・専門学校 Senmon Gakkou (Vocational Schools) ー
Much like vocational schools in other countries, Japanese vocational schools are geared towards helping a student to enter a particular line of work. Students who have gone through a vocational school often have an easy time finding jobs. Vocational schools are not degree-oriented, but rather certificate- or license- oriented. Sometimes a student will go to both a university and a vocational school.
Japanese university departments
All Japanese university department names end with the kanji 学 gaku, which means “studies” or “learnings.”
This is a general reference list of some of the most common university departments:
法学 hougaku (law), 教育学 kyouikugaku (education), 医学 igaku (medicine), 薬学 yakugaku (pharmacy), 工学 kougaku (engineering), 保健学 hokengaku (health science), 文学 bungaku (literature), 理学 rigaku (physical science), 農学 nougaku (agriculture), 獣医学 juuigaku (veterinary medicine), 経済学 keizaigaku (economics), 商学 shougaku (commercial science), 経営学 keieigaku (management), 教養学 kyouyougaku (general education), 音楽学 ongakugaku (musicology), 神学 shingaku (theology).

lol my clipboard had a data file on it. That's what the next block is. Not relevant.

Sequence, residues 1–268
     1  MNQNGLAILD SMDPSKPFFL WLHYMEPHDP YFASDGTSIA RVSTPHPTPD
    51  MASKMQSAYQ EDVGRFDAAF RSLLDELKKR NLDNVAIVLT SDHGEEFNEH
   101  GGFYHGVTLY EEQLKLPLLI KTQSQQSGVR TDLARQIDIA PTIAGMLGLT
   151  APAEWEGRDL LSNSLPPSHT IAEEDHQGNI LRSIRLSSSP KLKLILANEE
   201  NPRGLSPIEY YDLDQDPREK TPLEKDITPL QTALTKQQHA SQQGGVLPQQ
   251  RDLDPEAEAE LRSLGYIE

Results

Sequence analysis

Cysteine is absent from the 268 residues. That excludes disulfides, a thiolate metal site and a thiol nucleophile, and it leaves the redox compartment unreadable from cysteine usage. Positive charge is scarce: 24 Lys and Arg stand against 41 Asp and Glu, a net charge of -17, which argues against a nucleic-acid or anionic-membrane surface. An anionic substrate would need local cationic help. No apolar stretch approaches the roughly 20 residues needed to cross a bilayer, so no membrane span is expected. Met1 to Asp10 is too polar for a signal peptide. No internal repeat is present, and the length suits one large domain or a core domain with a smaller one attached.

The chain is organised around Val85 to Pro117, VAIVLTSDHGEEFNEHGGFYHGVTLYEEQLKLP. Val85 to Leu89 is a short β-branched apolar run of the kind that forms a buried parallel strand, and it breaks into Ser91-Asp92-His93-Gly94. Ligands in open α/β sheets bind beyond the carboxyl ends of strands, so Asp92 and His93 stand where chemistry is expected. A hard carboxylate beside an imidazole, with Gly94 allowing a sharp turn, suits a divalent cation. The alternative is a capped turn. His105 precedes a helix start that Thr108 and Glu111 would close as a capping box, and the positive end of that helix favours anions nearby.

At-a-Glance Chart of Degrees and Schools
|学位 Gakui (degrees from 4-year, 2-year, and graduate schools)||博士 Hakushi||A graduate school doctorate/PhD program (大学院の博士課程 Daigakuin no Hakushi Katei)||Doctor, PhD|
|修士 Shuushi||A graduate school master’s program (大学院の修士課程 Daigakuin no Shuushi Katei)||Master’s|
|専門職学位 Senmonshoku Gakui (Professional Degrees)||法務博士 Houmu Hakushi||A law school (法科大学院 Houka Daigakuin)||Juris Doctor|
|教職修士 Kyoushoku Shuushi||A graduate school with a Master’s in Education program (教職大学院 Kyoushoku Daigakuin)||Master of Education|
|修士 (専門職) Shuushi (Senmonshoku)||A graduate school with professional degree programs (aside from law or education programs) (専門職大学院 Senmonshoku Daigakuin)||Master’s|
|学士 Gakushi (4 yrs)||An undergraduate school (大学 Daigaku)||Bachelor’s|
|短期大学士 Tankidai Gakushi (2 yrs)||A junior college (短期大学 Tanki Daigaku)||Associate degree|
|称号 Shougou (degrees from other types of schools)||準学士 Jungakushi (2)||A vocational/technical school (高等専門学校 Koutou Senmon Gakkou)||Associate degree|